Pool/Billiards/not calling shot
Sorry to bother you again but if playing 8 ball or straight pool by BCA rules what happens if you pot an object ball without declaring safety or nominating to pot the intended ball?
In 8 ball: If on an open table you pot your nominated stripe ball and pot a solid ball in another pocket on the same shot is the table still open? If not why?
In 8 ball: Can you nominate more than one ball at a time?
Thank you :)
While both eight ball and straight pool are "call shot" games, that appellation comes from a time when calling the pocket orally was required, which is no longer the case. They are both still nomination games, wherein you must make your ball in the intended pocket, but you need not actually call the pocket. First of all, you can gesture ("You may make the designation verbally or by a clear, unambiguous gesture"), but more importantly, "You are not required to call obvious shots." (BCAPL rule 1-16). You probably know this but just to be clear, when you are calling an in-obvious shot, you need not indicate anything about how the ball will reach the hole, not banks, kisses, rails, etc., just the ball and pocket. An obvious shot is:
"A shot in which the non-shooting player has no doubt as to, or does not question, the
called ball and the called pocket. The following types of shots are exceptions and are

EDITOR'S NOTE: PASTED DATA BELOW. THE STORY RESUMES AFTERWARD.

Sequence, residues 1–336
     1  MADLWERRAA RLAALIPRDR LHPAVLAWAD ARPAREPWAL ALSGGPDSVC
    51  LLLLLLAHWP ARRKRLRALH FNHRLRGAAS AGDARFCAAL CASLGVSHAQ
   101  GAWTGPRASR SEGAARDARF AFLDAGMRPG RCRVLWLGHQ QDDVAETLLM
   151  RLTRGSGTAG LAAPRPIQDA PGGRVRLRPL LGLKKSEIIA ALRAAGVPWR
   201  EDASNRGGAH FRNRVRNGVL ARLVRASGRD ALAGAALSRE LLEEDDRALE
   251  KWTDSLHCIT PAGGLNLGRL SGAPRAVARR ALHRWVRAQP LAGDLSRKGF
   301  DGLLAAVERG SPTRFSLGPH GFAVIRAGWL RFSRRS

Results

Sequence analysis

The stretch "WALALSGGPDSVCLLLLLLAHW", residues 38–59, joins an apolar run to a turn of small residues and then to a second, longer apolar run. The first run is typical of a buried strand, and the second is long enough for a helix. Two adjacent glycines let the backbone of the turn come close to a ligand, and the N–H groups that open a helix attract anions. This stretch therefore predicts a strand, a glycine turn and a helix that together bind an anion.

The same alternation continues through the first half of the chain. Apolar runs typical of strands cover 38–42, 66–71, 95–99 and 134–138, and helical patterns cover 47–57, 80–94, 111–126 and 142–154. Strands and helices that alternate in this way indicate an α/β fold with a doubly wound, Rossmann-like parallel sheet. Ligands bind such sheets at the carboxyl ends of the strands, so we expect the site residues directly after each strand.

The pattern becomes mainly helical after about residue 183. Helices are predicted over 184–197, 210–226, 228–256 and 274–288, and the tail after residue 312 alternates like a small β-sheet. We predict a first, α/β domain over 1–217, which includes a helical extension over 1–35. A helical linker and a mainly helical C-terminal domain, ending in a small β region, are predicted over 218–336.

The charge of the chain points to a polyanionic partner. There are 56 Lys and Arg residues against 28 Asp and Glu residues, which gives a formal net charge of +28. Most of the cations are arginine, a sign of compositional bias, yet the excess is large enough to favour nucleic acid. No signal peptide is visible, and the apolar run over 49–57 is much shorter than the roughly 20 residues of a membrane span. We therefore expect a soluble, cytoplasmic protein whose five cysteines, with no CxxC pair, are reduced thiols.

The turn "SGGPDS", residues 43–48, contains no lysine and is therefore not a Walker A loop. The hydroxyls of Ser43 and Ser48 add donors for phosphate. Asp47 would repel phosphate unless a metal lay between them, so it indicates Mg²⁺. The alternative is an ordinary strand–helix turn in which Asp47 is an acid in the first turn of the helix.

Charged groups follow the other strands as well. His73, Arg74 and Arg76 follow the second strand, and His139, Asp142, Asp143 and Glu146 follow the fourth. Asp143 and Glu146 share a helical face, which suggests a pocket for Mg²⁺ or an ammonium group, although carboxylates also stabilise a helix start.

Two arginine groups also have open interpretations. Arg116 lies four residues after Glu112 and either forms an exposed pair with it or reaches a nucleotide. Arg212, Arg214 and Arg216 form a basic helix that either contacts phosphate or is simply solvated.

defined as being "not obvious":
a. bank shots;
b. kick shots
c. combination shots;
d. shots that include caroms, kisses or cushion contacts that are not
e. any shot judged as not obvious by the referee."
Note that there is no contradiction between what I just said about what you need to call and this rule. A combination is defined as an in-obvious shot, for example, so you must call the ball and pocket, but you need not say how it will reach the pocket. Calling the shot inoculates you from a challenge if you make it as to what you intended, but if you miss the combination but your ball still goes into the called pocket, it's still your turn,
Some other applicable rules:
"3. If you are not certain what shot your opponent is attempting, it is your responsibility
to ask. You must ask before your opponent is down on the shot. With the exception of
shots defined as not obvious, if you do not ask and a dispute arises as to whether the shot
was obvious, the referee is the sole judge.
4. You must always call shots that are defined as not obvious. This rule applies
regardless of whether or not your opponent asks about the shot, and regardless of how
simple or obvious the shot may appear.
7. If you do not call a shot defined as not obvious and you pocket any ball on such a
shot, your inning ends. The incoming player accepts the table in position."
So to answer your first question, if the shot was obvious, as defined, nothing happens. If the shot was in-obvious, you lose your turn.
Second question: Secondary balls made on an otherwise legal shot are ignored and stay down. If you pot your ball in an intended pocket, choice of group is assigned and other balls made on the same shot are ignored and stay down regardless of whether they are stripes or solids. The table does not remain open because you made an intended ball in an intended pocket, which is the trigger for group assignment.
Third question: You may not nominate more than one ball at a time, expressly:
"You may only call one ball on a shot. If you call more than one ball, or if you use any
conditional phrase such as “just in case” concerning more than one ball, your inning ends
after the shot regardless of whether you pocket any ball. Any ball pocketed on such a
shot is an illegally pocketed ball. Your opponent accepts the table in position." BCAPL 1-16(2).